Bloggaday 131 – UFC’s 6-Figure Contract
As I’ve said in previous Bloggadays, I’m a fan of a show called The Ultimate Fighter. The show takes several non-bigtime MMA fighters and has them duke it out until 1 ends up victorious. That one final fighter gets the coveted “6-figure contract.”
Now I thought that was pretty good. 100+k a year for fighting. Not a terrible living. Aside from the winner, a select few other TUF’ers tend to also get that fabled contract with the UFC.
Well that was all cool and dandy until I found out about the actual specifics of the contract. I was actually rather appalled. Here’s how it breaks down.
“The winners of the first three seasons of The Ultimate Fighter competition, and certain runners-up depending on their performance in their competition finals, receive the touted "six-figure" contract to fight in the UFC. These contracts are specifically three-year contracts with a guaranteed first year. Each year consists of three fights, the first year's purse per fight consists of $12,000 guaranteed with a $12,000 win bonus (a maximum of $24,000 per fight), the second year's purse per fight is $16,000 with a $16,000 win bonus (a maximum of $32,000 per fight) and the third year's purse per fight is at $22,000 with a $22,000 win bonus (a maximum of $44,000 per fight). A TUF winner who goes 9-0 can earn $300,000 total on the contract, but only $150,000 is guaranteed for all three years if 9 fights are fought.”
That means the least/most they can make their first year is $36/$72k. Second year? $48/$96k. And the third year is $66/132k. The most that they can win depends on whether they win their fights. So if they win every single fight and the UFC actually decided to keep them for the entirety of the contract, they can average $100k a year. If they don’t win and the UFC for some reason decides to keep them, they’ll AVERAGE 50 grand a year.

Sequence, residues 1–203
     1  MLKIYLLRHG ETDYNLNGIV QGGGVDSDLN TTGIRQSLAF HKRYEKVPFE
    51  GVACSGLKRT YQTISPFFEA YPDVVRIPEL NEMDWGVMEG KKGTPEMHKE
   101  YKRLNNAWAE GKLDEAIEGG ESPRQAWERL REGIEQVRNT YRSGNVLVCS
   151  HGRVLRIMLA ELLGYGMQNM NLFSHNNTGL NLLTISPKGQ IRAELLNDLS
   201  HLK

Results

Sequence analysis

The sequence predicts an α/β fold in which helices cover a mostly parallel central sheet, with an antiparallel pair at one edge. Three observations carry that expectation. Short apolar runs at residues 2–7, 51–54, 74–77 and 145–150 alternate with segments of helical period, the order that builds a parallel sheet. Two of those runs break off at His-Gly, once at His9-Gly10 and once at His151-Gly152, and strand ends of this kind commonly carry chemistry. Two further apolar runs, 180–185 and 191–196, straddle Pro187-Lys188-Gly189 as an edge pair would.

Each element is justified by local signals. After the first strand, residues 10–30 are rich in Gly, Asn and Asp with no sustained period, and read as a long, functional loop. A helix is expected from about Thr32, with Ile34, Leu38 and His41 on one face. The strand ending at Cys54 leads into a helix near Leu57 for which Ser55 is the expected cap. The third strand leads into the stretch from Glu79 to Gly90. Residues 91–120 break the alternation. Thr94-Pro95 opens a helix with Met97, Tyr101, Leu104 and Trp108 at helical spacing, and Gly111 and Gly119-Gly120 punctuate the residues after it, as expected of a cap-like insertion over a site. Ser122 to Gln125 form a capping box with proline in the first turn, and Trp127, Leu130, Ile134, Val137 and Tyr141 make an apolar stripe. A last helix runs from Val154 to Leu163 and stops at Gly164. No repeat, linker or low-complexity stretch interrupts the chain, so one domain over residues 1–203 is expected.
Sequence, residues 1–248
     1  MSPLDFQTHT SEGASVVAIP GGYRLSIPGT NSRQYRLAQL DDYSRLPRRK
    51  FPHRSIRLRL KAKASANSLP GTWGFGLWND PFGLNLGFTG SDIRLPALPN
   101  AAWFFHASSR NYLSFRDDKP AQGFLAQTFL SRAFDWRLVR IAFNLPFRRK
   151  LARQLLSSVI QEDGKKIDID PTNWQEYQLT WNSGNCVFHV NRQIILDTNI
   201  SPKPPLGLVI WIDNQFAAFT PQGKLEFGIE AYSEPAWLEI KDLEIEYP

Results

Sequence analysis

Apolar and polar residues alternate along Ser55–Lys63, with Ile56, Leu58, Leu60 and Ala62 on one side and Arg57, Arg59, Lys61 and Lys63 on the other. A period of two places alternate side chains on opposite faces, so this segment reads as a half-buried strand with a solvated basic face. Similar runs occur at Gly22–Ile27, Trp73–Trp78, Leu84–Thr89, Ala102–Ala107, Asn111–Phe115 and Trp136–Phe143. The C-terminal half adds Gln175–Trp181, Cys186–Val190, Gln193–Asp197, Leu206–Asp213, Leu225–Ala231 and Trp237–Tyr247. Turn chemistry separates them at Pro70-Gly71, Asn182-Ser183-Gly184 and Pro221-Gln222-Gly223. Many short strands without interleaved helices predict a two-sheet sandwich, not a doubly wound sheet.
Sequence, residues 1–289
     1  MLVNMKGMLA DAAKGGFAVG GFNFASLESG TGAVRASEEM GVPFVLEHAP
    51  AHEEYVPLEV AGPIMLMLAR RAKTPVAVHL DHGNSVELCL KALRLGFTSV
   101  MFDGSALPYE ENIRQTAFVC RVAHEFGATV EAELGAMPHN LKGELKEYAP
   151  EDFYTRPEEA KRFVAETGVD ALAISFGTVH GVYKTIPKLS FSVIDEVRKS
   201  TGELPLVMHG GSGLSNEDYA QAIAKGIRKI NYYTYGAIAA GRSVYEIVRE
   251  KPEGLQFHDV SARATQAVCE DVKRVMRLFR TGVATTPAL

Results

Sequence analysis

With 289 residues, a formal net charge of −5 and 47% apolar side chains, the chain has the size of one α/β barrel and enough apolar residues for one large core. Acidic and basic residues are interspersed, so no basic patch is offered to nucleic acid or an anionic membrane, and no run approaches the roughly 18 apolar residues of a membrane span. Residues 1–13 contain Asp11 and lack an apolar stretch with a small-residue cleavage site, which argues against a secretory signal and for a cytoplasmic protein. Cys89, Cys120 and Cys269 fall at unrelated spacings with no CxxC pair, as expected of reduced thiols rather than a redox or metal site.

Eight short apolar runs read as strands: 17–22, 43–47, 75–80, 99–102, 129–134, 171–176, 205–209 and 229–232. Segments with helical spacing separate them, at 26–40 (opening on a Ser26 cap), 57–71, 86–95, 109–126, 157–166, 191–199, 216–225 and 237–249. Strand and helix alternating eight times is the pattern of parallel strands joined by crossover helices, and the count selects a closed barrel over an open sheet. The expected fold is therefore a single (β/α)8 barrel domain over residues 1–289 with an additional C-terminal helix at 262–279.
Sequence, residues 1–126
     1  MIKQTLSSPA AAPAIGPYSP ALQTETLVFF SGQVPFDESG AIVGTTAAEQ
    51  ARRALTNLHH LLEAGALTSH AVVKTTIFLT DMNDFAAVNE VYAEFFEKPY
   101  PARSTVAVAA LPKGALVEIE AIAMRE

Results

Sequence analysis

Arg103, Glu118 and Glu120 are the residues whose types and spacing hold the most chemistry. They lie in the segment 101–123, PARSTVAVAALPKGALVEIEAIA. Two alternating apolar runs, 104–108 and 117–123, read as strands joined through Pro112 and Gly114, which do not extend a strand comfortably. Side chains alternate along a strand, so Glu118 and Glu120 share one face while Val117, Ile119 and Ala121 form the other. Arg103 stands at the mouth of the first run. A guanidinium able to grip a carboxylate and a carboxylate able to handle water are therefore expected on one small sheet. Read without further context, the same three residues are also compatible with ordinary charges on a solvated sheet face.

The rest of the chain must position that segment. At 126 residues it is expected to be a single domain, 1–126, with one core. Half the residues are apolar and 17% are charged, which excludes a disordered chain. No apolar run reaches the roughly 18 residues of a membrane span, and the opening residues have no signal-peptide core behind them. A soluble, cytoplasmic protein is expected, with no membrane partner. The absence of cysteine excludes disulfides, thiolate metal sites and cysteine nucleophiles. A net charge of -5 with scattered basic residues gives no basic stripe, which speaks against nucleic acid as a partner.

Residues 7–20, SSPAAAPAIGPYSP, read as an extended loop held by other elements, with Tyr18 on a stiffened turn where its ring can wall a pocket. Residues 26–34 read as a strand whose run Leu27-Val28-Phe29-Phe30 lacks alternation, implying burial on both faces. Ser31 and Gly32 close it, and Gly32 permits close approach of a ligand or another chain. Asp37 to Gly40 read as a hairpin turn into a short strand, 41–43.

Okay, I’m watching the Ultimate Finale (the last episode of The Ultimate Fighter to determine the winner and a few other UFC fights) and it’s the second round of the Jardine/Hammil fight, and you know it’s a rough fight when the camera gets blood on the lens. I don’t see how that fight isn’t fight of the night.
Anyways, I understand they’re just fighting, but I imagine it takes a considerable amount of money to be a UFC fighter. I hear a lot of talk about the camps that they’re in, this world-renowned training. That and their conditioning and everything has to take a lot of money. These guys have to put on one hell of a show their first year so they actually get a second year and I can’t imagine 30 grand goes too far.
If the winner of their show only gets $36k for their first year, what do their nobodies get? I would imagine considerably less. As I’ve implied, after the first year of the 6-figure contract, the UFC can drop their contract, so if the contract holder isn’t winning, there’s not much reason to keep them if they can get some cheaper fight to lose fights.
Now the biggest counter to my point and the unknown variable to me are the sponsorships. I’m sure the folks who move on from the TUF house and other fighters in the UFC in general make a good amount of money from that. I don’t know, the contract itself just seems a little a little lacking*. Considering how popular the UFC is, it seems like they could pay a little bit more to their fighters.
The Ultimate Finale
A six-figure contract? Only on Bloggaday
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New to the Bloggaday? These are the essential posts to see
1 The basics
3 Get PWND with story content
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131 June 25